Senior eye doctor faces being struck off after hitting wife in face

Senior eye doctor, 55, faces being struck off after hitting his wife in the face with a broom handle at breakfast after she told him off for staying out all night with friends

  • Dr Amjad Raja grabbed the broom and hit his wife of 18 years, Maria, with it when he arrived back home – and she found a picture of a woman on his phone
  • During the bust up, Raja followed his wife downstairs and struck her on at least two occasions 
  • He also smashed her £500 mobile phone into the wall and she suffered an injury to her thumb when the broom handle hit her hand
  • The 55-year-old senior eye doctor now faces being struck off from his job

A bleary eyed senior doctor faces losing his job after hitting his wife in the face with a broom handle during a row at breakfast after she criticised him for staying out all night with friends, a medical tribunal heard.

Dr Amjad Raja, 55, picked up the household equipment and struck his wife of 18 years, Maria, when he got back to the house at 6am following his night out and discovered a picture of a woman on his mobile phone.

After he was woken up, Raja – a former research physician, now running a laser treatment clinic in Manchester – followed his wife down the stairs and then hit her at least twice, including a strike to the face, it was heard.

Raja also threw her £500 mobile phone into the wall and she sustained an injury to her thumb after the broom handle struck her hand while he was ‘aggressively swinging it around’.

Senior eye doctor Dr Amjad Raja faces losing his job after striking his wife with a broom handle after she told him off for staying out all night with friends

The doctor accused his wife for the incident and claimed she had mental health issues and that she had given him ‘permission’ to stay out late

At the Medical Practitioners Tribunal in Manchester, the eye doctor accused his wife for the incident and claimed she had mental health issues and that she had given him ‘permission’ to stay out into the early hours of the morning.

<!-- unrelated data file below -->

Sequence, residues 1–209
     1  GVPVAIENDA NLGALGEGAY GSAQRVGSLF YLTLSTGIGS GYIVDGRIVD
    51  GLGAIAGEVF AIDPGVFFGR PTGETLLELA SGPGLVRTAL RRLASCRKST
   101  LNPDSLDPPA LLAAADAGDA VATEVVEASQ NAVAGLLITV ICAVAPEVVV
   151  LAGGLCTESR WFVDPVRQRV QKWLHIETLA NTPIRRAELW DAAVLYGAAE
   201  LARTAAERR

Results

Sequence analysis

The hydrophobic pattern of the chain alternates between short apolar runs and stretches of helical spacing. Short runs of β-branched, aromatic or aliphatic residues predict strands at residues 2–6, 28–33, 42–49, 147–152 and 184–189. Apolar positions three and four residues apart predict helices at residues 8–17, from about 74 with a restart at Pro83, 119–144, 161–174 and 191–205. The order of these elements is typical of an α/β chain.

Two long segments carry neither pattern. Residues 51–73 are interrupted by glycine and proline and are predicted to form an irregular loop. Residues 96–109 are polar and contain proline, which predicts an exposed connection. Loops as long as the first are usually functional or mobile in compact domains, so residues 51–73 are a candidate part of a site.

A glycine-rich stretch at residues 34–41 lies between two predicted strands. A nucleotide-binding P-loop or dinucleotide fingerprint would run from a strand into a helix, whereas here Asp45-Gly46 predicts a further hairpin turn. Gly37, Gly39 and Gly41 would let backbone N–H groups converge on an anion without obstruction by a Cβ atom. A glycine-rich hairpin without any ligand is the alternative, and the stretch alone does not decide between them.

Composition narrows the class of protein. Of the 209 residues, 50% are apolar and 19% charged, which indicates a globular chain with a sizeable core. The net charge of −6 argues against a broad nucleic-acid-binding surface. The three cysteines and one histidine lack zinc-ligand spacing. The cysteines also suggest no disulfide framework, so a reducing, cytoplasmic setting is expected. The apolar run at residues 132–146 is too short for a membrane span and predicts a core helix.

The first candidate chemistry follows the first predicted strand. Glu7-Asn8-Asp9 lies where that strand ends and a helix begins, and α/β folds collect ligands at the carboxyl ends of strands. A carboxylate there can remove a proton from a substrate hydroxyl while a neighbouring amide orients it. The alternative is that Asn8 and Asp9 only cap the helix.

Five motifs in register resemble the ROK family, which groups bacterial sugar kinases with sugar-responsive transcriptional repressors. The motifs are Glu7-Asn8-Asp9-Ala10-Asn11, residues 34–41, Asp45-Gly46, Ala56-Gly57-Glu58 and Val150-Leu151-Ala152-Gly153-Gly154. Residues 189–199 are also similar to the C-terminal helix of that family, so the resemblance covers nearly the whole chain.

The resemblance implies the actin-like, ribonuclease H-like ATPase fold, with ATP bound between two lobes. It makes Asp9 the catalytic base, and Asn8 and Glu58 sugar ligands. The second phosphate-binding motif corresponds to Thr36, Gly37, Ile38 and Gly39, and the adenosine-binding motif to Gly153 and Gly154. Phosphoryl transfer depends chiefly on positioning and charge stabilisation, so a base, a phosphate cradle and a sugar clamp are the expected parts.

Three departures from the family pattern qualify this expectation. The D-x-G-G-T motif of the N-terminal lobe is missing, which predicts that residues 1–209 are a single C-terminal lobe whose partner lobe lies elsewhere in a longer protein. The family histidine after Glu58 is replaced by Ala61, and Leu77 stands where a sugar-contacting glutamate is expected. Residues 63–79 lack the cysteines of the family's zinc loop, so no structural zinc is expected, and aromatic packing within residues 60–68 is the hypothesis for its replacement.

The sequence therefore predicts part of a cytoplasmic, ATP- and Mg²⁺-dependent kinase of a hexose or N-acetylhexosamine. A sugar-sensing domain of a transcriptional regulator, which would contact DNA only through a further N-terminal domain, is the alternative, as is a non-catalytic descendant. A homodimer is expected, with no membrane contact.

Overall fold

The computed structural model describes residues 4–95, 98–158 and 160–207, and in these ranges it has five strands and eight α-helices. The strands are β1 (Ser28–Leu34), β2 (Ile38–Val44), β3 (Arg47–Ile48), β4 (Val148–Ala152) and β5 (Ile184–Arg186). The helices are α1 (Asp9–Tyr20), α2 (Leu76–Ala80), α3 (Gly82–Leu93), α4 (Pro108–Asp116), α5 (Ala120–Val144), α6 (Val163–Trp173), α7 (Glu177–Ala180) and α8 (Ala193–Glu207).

The 55-year-old told the hearing: ‘It’s one of those Friday evenings which had been agreed between me and my wife.

‘I work all week and look forward to that Friday evening and meet all my friends. We all wanted to have some drinks and I got permission from home off my wife. She understood that if I had too much to drink I would stay there until I got sober and then I would drive back home.

‘She never objected before to this, there had been some occasions when I had to stay there and then I got sober and felt okay.’

Speaking about the incident, he added: ‘When I came back I actually thought it was about 4.30am and my first priority was to get some sleep as I had a clinic starting.

‘I can’t remember how long I had been in bed for when I felt pain and discomfort and I found my wife trying to pull my fingers back to put my thumb on my phone. I was half asleep and she was shouting: “turn on your phone.”

‘She asked me about one of my friends who was there that night and she was angry and pushing and punching me and saying: “Who’s this?”

‘I remember the name of a male friend who I had been with and I told her and I just want to go back to bed. In my mind, it’s another one of those nights and I just want to go to sleep.